Workplace Wellness

What is Population Health & Why is Population Health Important

Written by Kate

In recent years, population health has emerged as an emerging and important topic for business leaders. As the workforce continues to evolve, the number of people needing care and those with chronic conditions has grown dramatically. For example, heart disease is now a leading cause of death among adults aged 45-64, and diabetes rates have quadrupled since 1990.

This is concerning because more people are working in their golden years, and that trend is expected to continue. For employers, these demographic shifts mean urgent rethinking of how to manage employees’ health risks and plan accordingly. That’s where the population health framework comes in.

In this blog post, we’ll dive deeper into what Population Health is, explore the factors that affect it and explain how it can benefit your organization. We’ll also provide actionable steps for HR professionals and business owners to implement.

What is Population Health & Why is Population Health Important?

The American Journal of Public Health defines population health as “the health outcomes of a group of individuals, including the distribution of such outcomes within the group.” Population in this context refers to geographic regions such as nations or communities but can also refer to other groups with similar needs and characteristics.

According to the New York State Department of Health, “population health refers to the health status and health outcomes within a group of people rather than considering the health of one person at a time.”

At its core, population health aims to improve the overall quality of life through a three-pronged approach:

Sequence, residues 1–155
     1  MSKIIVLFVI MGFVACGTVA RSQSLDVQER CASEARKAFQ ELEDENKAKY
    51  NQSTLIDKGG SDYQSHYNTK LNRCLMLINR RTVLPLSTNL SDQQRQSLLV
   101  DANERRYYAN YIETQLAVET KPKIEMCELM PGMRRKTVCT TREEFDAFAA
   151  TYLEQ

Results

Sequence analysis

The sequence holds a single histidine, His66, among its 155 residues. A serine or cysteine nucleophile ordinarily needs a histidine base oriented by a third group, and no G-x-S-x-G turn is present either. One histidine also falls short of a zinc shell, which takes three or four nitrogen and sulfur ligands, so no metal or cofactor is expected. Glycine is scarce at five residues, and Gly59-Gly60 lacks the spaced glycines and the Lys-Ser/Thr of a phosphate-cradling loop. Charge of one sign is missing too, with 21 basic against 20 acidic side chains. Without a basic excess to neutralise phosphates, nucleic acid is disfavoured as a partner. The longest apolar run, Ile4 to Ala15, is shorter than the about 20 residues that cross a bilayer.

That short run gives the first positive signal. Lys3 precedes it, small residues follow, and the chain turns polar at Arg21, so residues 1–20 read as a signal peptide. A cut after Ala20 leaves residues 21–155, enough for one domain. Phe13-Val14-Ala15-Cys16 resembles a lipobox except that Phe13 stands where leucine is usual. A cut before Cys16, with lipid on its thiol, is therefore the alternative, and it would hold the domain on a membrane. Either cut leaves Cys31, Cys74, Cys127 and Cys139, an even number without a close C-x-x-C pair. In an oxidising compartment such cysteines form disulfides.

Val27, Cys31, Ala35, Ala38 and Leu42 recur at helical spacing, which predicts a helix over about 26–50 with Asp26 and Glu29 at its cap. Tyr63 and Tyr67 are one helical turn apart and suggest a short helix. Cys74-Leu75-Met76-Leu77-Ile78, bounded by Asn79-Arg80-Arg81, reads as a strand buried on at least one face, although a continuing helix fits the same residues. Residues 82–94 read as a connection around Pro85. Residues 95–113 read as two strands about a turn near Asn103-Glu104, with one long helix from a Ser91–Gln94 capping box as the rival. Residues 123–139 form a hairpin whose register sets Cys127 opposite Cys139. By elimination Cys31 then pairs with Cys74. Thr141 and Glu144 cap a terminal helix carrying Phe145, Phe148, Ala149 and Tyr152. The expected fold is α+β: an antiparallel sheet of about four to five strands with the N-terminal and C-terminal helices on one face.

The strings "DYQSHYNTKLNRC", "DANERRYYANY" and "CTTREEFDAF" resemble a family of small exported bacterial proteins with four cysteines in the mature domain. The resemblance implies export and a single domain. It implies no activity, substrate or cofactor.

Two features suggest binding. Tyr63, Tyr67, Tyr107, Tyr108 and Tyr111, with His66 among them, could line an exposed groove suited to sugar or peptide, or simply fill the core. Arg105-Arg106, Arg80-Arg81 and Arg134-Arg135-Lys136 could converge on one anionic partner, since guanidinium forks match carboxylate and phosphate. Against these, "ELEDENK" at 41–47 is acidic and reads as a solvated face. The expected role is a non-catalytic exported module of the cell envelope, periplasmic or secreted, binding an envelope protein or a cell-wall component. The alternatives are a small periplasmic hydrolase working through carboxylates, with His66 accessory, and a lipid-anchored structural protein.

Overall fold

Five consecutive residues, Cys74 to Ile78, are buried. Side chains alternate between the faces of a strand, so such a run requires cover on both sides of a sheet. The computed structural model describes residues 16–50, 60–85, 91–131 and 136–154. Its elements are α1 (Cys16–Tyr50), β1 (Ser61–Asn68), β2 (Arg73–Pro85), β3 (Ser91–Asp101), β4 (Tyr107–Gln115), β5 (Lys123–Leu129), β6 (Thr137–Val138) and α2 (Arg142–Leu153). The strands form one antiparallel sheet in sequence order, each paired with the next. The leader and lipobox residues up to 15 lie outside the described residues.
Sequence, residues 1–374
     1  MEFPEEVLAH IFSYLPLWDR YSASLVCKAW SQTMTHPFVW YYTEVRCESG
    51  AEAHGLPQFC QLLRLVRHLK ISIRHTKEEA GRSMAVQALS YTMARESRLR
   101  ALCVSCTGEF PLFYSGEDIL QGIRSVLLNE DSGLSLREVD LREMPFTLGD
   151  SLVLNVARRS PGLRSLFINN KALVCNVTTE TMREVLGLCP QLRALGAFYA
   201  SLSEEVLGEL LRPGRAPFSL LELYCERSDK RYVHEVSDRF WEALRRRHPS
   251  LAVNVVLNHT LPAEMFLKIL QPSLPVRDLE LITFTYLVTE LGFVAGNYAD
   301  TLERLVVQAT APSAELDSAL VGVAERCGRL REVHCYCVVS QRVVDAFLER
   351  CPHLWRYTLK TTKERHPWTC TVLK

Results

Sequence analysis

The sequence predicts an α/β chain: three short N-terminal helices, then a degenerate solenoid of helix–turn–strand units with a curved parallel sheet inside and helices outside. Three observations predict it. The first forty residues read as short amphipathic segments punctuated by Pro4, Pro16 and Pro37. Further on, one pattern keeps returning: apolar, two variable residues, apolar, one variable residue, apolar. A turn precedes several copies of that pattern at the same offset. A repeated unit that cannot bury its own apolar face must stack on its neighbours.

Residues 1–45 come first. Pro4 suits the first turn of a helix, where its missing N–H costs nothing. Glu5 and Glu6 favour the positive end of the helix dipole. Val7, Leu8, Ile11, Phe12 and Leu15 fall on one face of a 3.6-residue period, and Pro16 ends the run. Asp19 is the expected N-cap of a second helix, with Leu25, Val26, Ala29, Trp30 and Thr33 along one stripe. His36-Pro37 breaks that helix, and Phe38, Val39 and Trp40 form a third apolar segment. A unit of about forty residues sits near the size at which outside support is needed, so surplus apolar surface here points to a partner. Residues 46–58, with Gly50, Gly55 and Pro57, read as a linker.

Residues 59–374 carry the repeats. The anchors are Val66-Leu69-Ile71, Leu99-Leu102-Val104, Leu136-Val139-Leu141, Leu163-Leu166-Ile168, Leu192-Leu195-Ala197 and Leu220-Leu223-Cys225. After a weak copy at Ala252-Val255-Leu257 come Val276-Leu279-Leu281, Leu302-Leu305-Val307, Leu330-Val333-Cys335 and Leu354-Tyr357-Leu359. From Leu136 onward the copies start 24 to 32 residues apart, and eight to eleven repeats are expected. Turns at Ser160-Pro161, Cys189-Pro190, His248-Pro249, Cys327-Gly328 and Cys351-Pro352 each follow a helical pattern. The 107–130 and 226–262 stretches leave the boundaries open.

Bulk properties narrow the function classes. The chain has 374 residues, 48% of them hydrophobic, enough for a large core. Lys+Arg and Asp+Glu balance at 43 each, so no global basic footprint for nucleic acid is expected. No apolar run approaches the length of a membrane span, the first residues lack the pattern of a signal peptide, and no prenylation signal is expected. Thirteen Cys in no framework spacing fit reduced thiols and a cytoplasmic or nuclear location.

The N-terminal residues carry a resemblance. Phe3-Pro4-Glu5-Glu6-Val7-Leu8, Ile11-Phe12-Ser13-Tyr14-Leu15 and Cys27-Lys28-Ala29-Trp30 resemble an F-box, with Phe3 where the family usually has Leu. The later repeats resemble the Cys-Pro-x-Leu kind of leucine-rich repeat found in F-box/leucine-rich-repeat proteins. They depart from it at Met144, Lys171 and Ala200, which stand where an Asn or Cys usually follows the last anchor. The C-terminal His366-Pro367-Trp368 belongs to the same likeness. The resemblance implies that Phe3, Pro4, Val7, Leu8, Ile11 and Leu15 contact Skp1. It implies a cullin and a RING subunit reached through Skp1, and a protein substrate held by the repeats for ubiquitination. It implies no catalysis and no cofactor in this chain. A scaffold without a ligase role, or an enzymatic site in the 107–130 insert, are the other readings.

• Reducing illness or disability by reducing disease risk
  • Preventing new cases of illness
  • Ensuring access to appropriate services for those with existing conditions

To achieve that, population health takes into account not only the physical health of individuals but also their social and economic well-being. It goes beyond clinical interventions and focuses on upstream causes, including education, poverty reduction, employment opportunities, affordable housing, insurance coverage, access to healthy food, etc. In other words, population health is all about “the power of we” and working together for good to promote healthier lifestyles for all.

The idea of population health is not a new concept. Epidemiologists applied it in the mid and late 1800s to fight chronic illnesses. Today, population health management remains relevant as employers across all industries face many common challenges: higher healthcare costs, an aging workforce, and worker productivity issues due to numerous health issues.

What are the 4 components of Population Health?

Population health is an interdisciplinary concept that connects practice and policies. Let’s take a closer look at the four key components of population health and how they relate to the workplace:

  1. Health outcomes

These are the potential health and well-being indicators of a population. They are the most obvious and tangible aspect of population health and are frequently used to track the overall health of a workforce over time. For example, if more employees are taking time off sick, the workforce’s overall health needs to improve.

  1. Determinants of health

Population health is a sum total of many factors. These can be age, gender, genetics, income level, or even healthcare access. In a corporate setting, job security, stress levels, and the availability of wellness programs can make all the difference. For example, an overworked and stressed employee is more likely to be unhealthy than one who feels supported.

  1. Distribution of health outcomes

Health outcomes aren’t uniform in an entire population. For example, male and female employees will have different health outcomes at different times. Likewise, employees at different levels in the company may show diverse health patterns.

  1. Health systems and policies

This aspect of population health management covers the various organizations, institutions, and resources that contribute to the delivery of healthcare services. Businesses may need to collaborate with hospitals, clinics, health insurance companies, and public health agencies to create policies and interventions that support employee health.

Why is Population Health important?                    

There are key reasons why organizations are increasingly shifting their focus toward population health management:

Increased Productivity

Employee productivity is a key metric for any organization. Healthy employees are the backbone of a successful organization, and, consequently, the economy.